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A promising approach for treatment of tumor-induced bone diseases: utilizing bisphosphonate derivatives of nucleoside antimetabolites.
Bone
PUBLISHED: 01-29-2010
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Despite palliative treatments, tumor-induced bone disease (TIBD) remains highly debilitating for many cancer patients and progression typically results in death within two years. Therefore, more effective therapies with enhanced anti-resorptive and cytotoxic characteristics are needed. We developed bisphosphonate-chemotherapeutic conjugates designed to bind bone and hydrolyze, releasing both compounds, thereby targeting both osteoclasts and tumor cells. This study examined the effects of our lead compound, MBC-11 (the anhydride formed between arabinocytidine (AraC)-5-phosphate and etidronate), on bone tumor burden, bone volume, femur bone mineral density (BMD), and overall survival using two distinct mouse models of TIBD, the 4T1/luc breast cancer and the KAS-6/1-MIP1alpha multiple myeloma models. In mice orthotopically inoculated with 4T1/luc mouse mammary cells, MBC-11 (0.04 microg/day; s.c.) reduced the incidence of bone metastases to 40% (4/10), compared to 90% (9/10; p=0.057) and 100% (5/5; p=0.04) of PBS- or similarly-dosed, zoledronate-treated mice, respectively. MBC-11 also significantly decreased bone tumor burden compared to PBS- or zoledronate-treated mice (p=0.021, p=0.017, respectively). MBC-11 and zoledronate (0.04 microg/day) significantly increased bone volume by two- and four-fold, respectively, compared to PBS-treated mice (p=0.005, p<0.001, respectively). In mice systemically injected with human multiple myeloma KAS-6/1-MIP1alpha cells, 0.04 and 4.0 microg/day MBC-11 improved femur BMD by 13% and 16%, respectively, compared to PBS (p=0.025, p=0.017, respectively) at 10 weeks post-tumor cell injection and increased mean survival to 95 days compared to 77 days in mice treated with PBS (p=0.047). Similar doses of zoledronate also improved femur BMD (p< or =0.01 vs PBS) and increased mean survival to 86 days, but this was not significantly different than in PBS-treated mice (p=0.53). These results demonstrate that MBC-11 decreases bone tumor burden, maintains bone structure, and may increase overall survival, warranting further investigation as a treatment for TIBD.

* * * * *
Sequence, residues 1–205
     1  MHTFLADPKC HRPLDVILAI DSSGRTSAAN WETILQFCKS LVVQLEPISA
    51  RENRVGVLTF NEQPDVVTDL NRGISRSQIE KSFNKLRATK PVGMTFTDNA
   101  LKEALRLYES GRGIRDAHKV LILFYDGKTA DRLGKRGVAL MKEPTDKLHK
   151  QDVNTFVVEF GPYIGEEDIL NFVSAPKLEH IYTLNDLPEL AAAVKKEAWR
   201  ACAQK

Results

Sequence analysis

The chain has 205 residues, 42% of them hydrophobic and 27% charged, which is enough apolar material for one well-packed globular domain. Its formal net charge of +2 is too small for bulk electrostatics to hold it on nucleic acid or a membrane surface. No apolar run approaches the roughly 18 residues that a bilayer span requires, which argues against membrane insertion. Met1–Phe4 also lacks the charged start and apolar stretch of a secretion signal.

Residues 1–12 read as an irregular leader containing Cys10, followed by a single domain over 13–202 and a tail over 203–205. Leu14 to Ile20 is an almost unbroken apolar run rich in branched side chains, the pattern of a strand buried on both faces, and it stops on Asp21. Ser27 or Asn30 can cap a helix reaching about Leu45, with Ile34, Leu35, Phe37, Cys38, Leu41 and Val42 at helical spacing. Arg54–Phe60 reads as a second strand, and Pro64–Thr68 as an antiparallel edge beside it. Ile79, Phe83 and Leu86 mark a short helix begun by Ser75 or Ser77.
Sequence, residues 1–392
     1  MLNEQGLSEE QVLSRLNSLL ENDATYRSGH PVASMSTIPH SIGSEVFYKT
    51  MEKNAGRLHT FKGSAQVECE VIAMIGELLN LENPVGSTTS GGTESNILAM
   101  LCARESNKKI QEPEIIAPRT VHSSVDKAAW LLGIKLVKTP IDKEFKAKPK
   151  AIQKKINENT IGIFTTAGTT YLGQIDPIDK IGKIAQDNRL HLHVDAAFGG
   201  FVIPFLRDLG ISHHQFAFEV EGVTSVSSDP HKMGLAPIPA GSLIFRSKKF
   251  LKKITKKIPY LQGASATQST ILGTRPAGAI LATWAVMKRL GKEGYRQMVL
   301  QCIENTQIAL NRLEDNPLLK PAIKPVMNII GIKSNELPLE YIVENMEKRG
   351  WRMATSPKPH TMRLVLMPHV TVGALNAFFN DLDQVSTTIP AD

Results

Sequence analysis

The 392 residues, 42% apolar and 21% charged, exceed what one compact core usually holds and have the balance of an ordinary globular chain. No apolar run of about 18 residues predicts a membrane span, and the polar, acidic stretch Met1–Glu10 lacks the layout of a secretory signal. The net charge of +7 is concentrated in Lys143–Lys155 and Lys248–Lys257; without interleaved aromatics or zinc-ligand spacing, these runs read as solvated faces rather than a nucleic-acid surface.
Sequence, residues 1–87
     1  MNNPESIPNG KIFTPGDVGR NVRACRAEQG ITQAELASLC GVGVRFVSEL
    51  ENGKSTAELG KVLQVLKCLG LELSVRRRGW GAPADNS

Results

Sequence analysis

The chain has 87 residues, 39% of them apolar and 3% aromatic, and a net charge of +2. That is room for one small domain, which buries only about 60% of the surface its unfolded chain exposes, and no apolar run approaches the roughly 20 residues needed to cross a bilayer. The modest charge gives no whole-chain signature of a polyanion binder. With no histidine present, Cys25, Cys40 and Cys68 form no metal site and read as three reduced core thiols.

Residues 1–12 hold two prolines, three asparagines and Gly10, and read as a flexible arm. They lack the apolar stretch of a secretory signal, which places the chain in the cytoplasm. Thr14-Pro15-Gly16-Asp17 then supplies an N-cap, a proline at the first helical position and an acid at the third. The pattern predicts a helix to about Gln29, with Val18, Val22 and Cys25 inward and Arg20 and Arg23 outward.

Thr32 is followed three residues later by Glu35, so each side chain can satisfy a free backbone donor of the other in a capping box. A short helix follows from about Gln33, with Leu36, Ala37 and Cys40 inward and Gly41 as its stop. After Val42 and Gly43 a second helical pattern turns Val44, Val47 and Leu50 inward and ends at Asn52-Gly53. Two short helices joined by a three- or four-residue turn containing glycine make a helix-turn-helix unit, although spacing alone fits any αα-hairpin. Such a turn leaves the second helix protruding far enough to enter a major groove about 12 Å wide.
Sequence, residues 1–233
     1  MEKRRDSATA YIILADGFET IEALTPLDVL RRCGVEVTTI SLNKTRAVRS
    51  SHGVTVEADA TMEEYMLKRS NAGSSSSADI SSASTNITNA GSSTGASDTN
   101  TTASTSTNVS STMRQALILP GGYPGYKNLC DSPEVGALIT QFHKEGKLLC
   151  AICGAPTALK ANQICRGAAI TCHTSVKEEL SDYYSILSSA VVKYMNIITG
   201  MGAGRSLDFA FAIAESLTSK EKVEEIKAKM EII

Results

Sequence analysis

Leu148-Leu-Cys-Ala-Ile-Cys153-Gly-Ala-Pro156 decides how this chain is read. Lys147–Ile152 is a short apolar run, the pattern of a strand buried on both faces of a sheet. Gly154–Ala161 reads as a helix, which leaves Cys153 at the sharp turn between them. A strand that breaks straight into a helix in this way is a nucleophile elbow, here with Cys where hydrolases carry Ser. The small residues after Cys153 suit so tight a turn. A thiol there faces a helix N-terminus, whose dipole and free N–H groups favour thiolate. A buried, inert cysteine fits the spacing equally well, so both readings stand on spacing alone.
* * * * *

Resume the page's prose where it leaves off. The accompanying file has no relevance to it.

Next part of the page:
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Autoimmune cytopenia in chronic lymphocytic leukemia/small lymphocytic lymphoma: changes in clinical presentation and prognosis.
Leuk. Lymphoma
PUBLISHED: 10-09-2009